We’re accustomed to social network dangers: doomscrolling, the media feedback loop, polarization, etc. Their currency is attention, and thus are naturally designed to addict by providing spaced dopamine hits. Many social networks also have incredible value, but self-control in the moment fails. Instead, it’s up to you to control them so that you pick what you get out of them. I’ve spent the past several years building systems to maximize social network value, while minimizing natural feedback loops. I’ll start with YouTube, which I consider the most valuable social network to have ever existed... (more) →

“Woo” beliefs

My default disposition is fairly rationalist—or at least, rationalist-informed—and have a gut distaste towards “the woo”. I also have plenty of curiosity and believe that wisdom is often lossily encoded in culture, so have tried and experienced quite a few things that I initially met with a wave of skepticism. Many have become significantly meaningful in my life. Scientific reductionism is the modus operandi of thought in Western, educated circles. For it’s flaws, this approach has pushed the boundaries of our knowledge of how the world works, but consistently has blindspots between domains, with significant consequences... (more) →

Angel investing is—for most people—a bad investment. As such, accreditation is rarely the limiting factor to being able to realize outsized investment returns, because variance is incredibly high while median performance is tepid. However, it can have very net positive externalities that include networking opportunities, learning about venture, getting involved in exciting companies, and honing your startup skillset. If you’re interested in angel investing, but don’t yet have a portfolio large enough to support diversified meaningful bets, there’s a few options to start down this path and capture a lot of the value you’re after... (more) →

For several years, I’ve developed a strategy that I use to stay on top of all my personal and work projects, while not getting overwhelmed by infinitely-growing lists. Using this strategy, I’m able to regularly surprise people about how I remembered to do some passing request they had, and am able to bring back concepts after weeks of dormancy. It’s quite simple, and adaptable to many different tools. Guiding Principles: When a task arises, it’s hard to know the absolute priority and allocate time effectively... (more) →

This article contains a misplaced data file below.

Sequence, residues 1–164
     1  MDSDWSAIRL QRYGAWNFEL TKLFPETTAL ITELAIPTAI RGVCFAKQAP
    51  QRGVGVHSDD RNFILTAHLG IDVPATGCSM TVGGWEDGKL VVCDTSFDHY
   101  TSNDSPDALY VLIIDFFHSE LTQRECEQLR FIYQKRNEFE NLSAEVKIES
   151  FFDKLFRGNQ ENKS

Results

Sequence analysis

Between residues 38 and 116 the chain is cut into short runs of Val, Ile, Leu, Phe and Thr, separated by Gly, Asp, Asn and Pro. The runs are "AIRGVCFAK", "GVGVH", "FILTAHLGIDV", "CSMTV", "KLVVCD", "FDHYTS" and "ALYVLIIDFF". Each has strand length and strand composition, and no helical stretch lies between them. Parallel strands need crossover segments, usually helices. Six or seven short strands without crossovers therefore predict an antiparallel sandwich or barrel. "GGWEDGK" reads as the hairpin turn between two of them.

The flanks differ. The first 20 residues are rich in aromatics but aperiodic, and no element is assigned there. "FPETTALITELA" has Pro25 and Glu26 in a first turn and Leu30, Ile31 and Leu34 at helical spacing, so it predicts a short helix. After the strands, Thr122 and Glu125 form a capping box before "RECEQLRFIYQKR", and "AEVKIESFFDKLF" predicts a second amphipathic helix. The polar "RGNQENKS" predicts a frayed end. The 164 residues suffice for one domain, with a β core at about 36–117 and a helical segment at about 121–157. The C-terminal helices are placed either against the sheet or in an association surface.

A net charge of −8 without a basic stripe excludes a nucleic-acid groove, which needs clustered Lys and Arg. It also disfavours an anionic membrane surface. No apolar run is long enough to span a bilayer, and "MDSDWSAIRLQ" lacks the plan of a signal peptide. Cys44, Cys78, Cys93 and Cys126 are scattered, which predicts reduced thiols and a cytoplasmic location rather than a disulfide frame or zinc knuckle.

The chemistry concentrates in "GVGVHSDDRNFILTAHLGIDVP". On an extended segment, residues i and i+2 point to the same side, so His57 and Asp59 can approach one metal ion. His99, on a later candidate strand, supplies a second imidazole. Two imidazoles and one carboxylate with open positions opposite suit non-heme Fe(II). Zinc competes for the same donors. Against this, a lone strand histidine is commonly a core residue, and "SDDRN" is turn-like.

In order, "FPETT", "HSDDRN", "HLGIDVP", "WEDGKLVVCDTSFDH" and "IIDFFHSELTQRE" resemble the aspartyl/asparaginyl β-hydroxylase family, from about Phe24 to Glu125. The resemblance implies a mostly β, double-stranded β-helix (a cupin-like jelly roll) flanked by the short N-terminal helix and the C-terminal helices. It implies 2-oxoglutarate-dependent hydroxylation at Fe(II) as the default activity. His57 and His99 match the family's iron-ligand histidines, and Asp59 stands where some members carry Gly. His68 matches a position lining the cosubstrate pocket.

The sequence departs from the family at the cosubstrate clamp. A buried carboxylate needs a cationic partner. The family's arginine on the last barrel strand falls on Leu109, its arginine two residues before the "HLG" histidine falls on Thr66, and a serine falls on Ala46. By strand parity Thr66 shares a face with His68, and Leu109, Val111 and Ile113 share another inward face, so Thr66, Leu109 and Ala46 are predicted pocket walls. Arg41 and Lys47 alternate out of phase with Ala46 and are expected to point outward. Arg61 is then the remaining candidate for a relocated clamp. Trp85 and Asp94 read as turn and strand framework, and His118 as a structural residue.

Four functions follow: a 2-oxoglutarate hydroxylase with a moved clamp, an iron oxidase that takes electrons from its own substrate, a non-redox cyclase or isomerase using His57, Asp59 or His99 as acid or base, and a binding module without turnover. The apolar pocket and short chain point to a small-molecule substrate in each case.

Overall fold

Last year, I outlined some investment theses for 2019. With the year wrapped up, I’ll quickly review how my predictions played out, and outline future investment areas I’m interested in. Writing these has helped me refine my own thoughts, and intentionally deploy capital aligned with macro views. .. (more) →

In light of the SEC re-evaluating accredited investor laws, Anthony Pompliano recently wrote a piece titled Accreditation Laws Are Violating The American Dream And Discriminating Against Millions. In it, he surveys how accreditation laws are keeping everyone but the already-rich from investing in startups. The argument is simple: the wealthy are capturing returns that most of America doesn’t have access to and average investors are missing out. Instead, big tech companies are getting dumped on public markets after most of their appreciation has happened... (more) →

Social networks work because they form habit loops. You visit, and get a boost of dopamine, fueled by novelty. It’s always new, and randomly rewards. Even if you’re disappointed with what you see, it’s too late. But, what if you do get value from them, and just want to be in control? Remove social apps from your phone that have become the default filler to stillness. Remove the default feeds with an ad blocker. Here’s my Facebook homepage:.. (more) →